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What to Cook in a Smoker

If you’re lucky enough to have tasted a hickory-smoked Kansas City brisket or a rack of dry-rubbed ribs from Memphis, you probably agree — smoked meats reign supreme in the world of food. Indeed, there is absolutely nothing quite as satisfying as a perfectly tender piece of meat, slow-cooked over real wood to infuse that rich, earthy flavor that only smoke can produce. Brisket, ribs, pork shoulder, chicken wings. They’re all prime — pun very much intended — candidates for your kamado grill or pellet smoker. 

Hands slicing beef fresh out of the smoker.

Source: CL Shebley/

But there’s more to the story when it comes to smoking, and meat isn’t the only food that gets your guests’ mouths watering and coming back for more. In fact, many of the foods you’d typically grill or roast lend themselves well to smoking. In this guide, we’ll go over a few of the most popular things to cook in a smoker to help you earn your place as pitmaster, even if your guests are vegetarians. 

Become a Pitmaster with a Ceramic Kamado Grill

Pick Your Fuel

One thing to note before diving in. The type of smoker you use — and the fuel that feeds the flame — will influence which foods work best, so make sure you consider this in your recipe selection. For example, the best pellet smoker recipes typically include ingredients that complement the flavor of woody smoke. On the other hand, the best dishes for your charcoal smoker are the ones that vibe with a char-grilled flavor. Read more about the different options in our guide to pellet smokers vs. charcoal smokers.

Foods to Try in the Smoker

Without further ado, here’s a list of some of the best things to set and forget the next time you fire up the smoker.

1. Brisket, Ribs and Beyond: Meat — Meat is by far the most popular thing to toss in the smoker, and for good reason. This kind of cooker has the unique ability to turn tough meats tender and to infuse the most flavorless cuts with a richness and depth you just can’t get from the oven. Some classic proteins to experiment with include brisket, prime rib, pork shoulder, ribs, lamb shoulder and chicken legs, thighs and wings. Oh and don’t forget the seafood. Salmon, mackerel, clams, oysters and any fatty fish will smoke beautifully. You can even check with your local butcher or fishmonger — they’ll have tons of stuff to try!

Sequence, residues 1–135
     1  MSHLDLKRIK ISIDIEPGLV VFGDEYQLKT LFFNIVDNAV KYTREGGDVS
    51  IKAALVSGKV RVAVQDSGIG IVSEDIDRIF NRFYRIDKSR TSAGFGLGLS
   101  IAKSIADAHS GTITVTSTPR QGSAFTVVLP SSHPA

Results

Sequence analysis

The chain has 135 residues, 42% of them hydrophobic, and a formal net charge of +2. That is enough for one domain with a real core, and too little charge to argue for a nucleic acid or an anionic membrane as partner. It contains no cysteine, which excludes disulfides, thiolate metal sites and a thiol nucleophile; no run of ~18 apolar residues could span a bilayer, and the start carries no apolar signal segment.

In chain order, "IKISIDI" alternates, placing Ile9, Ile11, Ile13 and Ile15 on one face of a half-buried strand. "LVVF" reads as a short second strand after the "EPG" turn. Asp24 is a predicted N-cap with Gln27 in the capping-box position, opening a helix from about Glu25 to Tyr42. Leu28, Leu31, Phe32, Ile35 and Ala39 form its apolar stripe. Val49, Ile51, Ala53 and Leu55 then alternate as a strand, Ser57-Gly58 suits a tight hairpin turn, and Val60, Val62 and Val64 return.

2. Side Dish Wins: Veggies and Starches You can quite literally take your entire dinner outside, side dishes and all, when you’re cooking on the smoker. 

  • Veggies — Some of the best veggies to smoke include corn on the cob, carrots, artichokes, onions, squash and peppers. 
  • Garlic — Smoked garlic has a soft, spreadable and delicious consistency perfect for pairing with bread, meat and more. Cut whole heads in half lengthwise, dress in a bit of oil and smoke for about 45 minutes. 
  • Potatoes — Starch-wise, you can’t go wrong with potatoes. From simple, seasoned redskins to smoke-roasted Hasselback potatoes, the humble spud performs beautifully amidst the smoke. 

Grilled veggies on a charcoal grill. Asparagus and onions caramelizing. Salmon on a cedar wood plank grilling and smoking.

Source: Lando Aviles/

3. Say What? Sour Cream and Sauces — Once you get the hang of it, you’ll see that you can introduce smoky flavor into just about any food in your fridge, including some dairy items. Create a smoky, creamy sauce by spreading a bit of sour cream onto a sheet pan and smoking for 20 to 30 minutes. When mixed with a little cilantro and lime, this makes a great addition to taco night, especially if you’ve already got smoked brisket or carnitas on the menu.

4. Getting Creative: Fruit and More — Sweet and smoky, what could be better? Use the smoker for a whole new take on apples, grapes, peaches and more. If you’re looking for something really out-of-the-box, try Will Horowitz’s smoked watermelon ham. It sounds weird, but the unconventional dish caught fire when it first debuted at Horowitz’s New York City restaurant back in 2018. It remains a legendary dish to try in your smoker,  plus, your vegan friends will love it.

5. The Margarita’s Bestie: Smoked Salt — There’s nothing like a smoky, salty rim on a spicy margarita, and this cocktail accoutrement is surprisingly easy to make at home in the smoker. It’s best to use a larger granule salt — like coarse sea salt or Morton’s kosher salt — and smoke on a low temperature for up to 24 hours.

a piece of pulled pork with sauce

Source: Olga_Moroz/

Whether you’re just getting started with your brand-new ceramic grill or are looking to expand your cooking repertoire with a smoker-grill combo, Grilla Grills is here to ensure that you never run out of ideas to keep the smoke rolling. 

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